Local Counsellor gives advice for World Suicide Prevention month

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This month is World’s Suicide Prevention month and local social worker and counsellor, Koren Norton said knowing where to seek help is of great importance, just as it is for us to be able to recognise/identify the signs of depression and other issues which could lead to suicidal thoughts and actions.
Norton said instead of brushing off someone when they come to you for help, people should take it seriously and recommend professional help if they themselves cannot help.
She highlighted some of the signs of depression.
“It could be the person is withdrawing from the public or from other persons, sometimes there are changes in their appetite. A lot of times you would see a change in the person’s sleep habits, a person who is sleeping too much, they just don’t want to get out of bed…or they start making plans, writing letters, speaking in a very hopeless manner as if there is not going to be a tomorrow or next week, it tells you.”
“Sometimes they try to reach out for help and they are ignored or it is laughed off, if you can’t help them refer them to someone who can…don’t tell them ‘take it to the Lord in prayer of drink some tea’,” she said.
Norton said the society is quite a reactive one as opposed to a proactive one which pays attention to people and what’s happening around them.
According to her, it is important for everyone to be aware of where to go for help.
“Sometimes what happens is that the public does not pay attention until there is an actual suicide and when that happens everybody is all reactive, giving condolences and saying how sorry they are. But, then after it dies down, people go back to their regular lives and they forget that we have people among us who are suffering with depression, who are under undue stress, who are having a lot of other conditions that would lead to the person becoming suicidal.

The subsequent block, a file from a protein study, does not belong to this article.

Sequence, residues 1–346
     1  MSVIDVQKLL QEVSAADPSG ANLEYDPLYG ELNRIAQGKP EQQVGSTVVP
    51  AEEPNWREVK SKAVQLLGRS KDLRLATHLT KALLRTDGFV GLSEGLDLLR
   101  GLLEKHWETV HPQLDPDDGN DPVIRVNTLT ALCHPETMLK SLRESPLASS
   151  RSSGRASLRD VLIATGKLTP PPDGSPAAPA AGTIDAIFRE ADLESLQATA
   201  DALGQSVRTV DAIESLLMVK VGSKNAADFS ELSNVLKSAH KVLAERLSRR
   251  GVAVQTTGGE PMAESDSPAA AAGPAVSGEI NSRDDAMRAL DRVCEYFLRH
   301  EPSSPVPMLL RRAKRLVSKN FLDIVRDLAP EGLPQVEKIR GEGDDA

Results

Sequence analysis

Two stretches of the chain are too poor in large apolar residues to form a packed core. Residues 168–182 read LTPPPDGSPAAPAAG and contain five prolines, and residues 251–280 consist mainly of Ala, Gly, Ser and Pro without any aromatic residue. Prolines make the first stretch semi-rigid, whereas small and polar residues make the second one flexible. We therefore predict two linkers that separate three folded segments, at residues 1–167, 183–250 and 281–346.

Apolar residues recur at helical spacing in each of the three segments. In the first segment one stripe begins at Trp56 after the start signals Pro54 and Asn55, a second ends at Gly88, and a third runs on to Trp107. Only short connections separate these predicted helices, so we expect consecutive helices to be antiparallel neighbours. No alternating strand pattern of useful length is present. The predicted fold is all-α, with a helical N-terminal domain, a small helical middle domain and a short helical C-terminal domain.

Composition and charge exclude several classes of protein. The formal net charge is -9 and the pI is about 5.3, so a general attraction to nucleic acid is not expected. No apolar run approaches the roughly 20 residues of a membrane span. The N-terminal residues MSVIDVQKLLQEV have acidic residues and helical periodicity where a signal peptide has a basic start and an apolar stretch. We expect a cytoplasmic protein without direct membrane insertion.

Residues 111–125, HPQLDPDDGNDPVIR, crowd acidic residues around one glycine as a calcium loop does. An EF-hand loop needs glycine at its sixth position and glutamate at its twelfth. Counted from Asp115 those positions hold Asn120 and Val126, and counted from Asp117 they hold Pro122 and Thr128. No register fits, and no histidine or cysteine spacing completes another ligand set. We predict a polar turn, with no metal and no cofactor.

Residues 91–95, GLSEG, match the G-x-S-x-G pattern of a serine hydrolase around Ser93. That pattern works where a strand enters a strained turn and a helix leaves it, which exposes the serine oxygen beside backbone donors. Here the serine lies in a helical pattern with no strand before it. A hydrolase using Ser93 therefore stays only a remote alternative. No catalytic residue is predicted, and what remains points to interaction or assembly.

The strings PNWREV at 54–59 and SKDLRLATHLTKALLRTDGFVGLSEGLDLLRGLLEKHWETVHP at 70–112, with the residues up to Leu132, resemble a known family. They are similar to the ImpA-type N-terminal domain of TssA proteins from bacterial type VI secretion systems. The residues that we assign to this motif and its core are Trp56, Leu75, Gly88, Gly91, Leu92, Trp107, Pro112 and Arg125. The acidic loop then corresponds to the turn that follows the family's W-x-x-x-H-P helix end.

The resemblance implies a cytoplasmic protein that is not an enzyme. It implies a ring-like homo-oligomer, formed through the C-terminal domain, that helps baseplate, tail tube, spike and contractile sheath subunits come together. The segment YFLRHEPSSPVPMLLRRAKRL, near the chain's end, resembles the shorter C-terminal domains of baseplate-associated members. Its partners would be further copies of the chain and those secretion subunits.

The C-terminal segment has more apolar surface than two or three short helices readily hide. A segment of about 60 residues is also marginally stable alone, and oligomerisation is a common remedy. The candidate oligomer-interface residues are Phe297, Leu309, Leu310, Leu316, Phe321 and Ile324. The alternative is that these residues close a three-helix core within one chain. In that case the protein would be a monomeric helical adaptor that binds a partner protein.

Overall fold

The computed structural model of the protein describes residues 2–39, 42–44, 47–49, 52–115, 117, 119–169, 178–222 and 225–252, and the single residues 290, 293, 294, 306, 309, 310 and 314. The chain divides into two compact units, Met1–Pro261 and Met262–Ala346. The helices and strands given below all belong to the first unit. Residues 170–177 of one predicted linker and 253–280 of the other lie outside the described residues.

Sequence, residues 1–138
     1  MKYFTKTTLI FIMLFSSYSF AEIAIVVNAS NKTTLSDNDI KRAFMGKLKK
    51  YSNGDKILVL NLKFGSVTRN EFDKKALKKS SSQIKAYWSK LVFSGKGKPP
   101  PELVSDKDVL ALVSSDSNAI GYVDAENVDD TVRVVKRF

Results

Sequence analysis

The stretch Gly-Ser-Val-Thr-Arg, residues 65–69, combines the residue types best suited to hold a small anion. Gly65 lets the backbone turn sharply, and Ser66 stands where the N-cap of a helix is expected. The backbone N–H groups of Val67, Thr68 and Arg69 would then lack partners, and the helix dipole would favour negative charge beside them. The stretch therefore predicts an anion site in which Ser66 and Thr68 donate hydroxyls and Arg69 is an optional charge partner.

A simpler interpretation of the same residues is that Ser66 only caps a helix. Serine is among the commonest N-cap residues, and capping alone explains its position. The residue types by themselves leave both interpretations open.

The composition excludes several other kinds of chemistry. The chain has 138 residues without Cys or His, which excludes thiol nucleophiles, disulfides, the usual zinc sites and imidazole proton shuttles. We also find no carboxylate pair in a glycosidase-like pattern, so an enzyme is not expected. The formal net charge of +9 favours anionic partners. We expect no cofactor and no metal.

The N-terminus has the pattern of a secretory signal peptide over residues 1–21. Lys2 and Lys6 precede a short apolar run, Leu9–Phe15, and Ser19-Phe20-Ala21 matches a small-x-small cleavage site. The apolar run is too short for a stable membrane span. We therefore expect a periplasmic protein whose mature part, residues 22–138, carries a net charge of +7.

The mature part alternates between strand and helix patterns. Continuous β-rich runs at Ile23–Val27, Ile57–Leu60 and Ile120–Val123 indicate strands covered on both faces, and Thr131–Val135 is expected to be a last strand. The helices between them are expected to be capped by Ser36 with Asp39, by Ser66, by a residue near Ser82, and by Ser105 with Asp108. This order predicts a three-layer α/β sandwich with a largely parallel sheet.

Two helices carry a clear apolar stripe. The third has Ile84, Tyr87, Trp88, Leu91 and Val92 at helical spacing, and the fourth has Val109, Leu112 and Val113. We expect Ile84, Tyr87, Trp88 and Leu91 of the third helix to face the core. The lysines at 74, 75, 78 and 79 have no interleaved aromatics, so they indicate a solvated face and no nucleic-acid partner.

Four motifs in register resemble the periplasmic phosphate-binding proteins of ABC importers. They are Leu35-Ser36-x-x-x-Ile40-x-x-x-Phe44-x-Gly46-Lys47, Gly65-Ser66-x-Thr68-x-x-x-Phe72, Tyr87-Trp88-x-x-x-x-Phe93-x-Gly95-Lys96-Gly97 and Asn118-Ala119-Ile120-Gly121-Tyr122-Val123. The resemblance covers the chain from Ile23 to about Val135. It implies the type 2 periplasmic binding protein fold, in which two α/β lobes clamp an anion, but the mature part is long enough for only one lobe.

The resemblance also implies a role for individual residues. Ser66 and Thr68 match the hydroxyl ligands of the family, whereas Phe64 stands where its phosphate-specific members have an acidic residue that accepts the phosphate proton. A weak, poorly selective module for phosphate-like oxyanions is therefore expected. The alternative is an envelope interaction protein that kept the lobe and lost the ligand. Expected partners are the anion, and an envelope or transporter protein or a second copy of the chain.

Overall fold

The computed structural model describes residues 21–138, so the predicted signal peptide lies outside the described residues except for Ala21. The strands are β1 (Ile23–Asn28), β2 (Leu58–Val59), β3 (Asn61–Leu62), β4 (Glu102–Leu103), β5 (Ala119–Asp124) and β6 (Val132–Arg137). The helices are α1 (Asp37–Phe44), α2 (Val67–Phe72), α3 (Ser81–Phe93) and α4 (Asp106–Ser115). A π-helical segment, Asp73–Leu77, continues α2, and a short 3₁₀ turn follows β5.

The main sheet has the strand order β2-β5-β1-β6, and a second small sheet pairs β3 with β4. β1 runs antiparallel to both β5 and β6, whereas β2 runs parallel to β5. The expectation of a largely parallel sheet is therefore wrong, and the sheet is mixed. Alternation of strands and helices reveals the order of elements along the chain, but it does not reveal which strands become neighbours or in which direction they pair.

Yes, it is good for us to be supportive towards the family but outside of that what is more important is recognising the signs, making sure there are enough resources available in Antigua so that if somebody is severely depressed or feeling suicidal, is being bullied, had a bad break up or something they know where to go to get help, that is what is most important,” she advised.
Last year, the country recorded 12 attempted suicides and seven cases where individuals actually managed to end their lives.
This was a staggering increase in comparison to statistics from 2016 which show that there were three attempted suicides with only one that actually resulted in a lost life.
To those in distress or contemplating suicide, trained counsellors are available at 24-hour emergency hotline at 463-5555.

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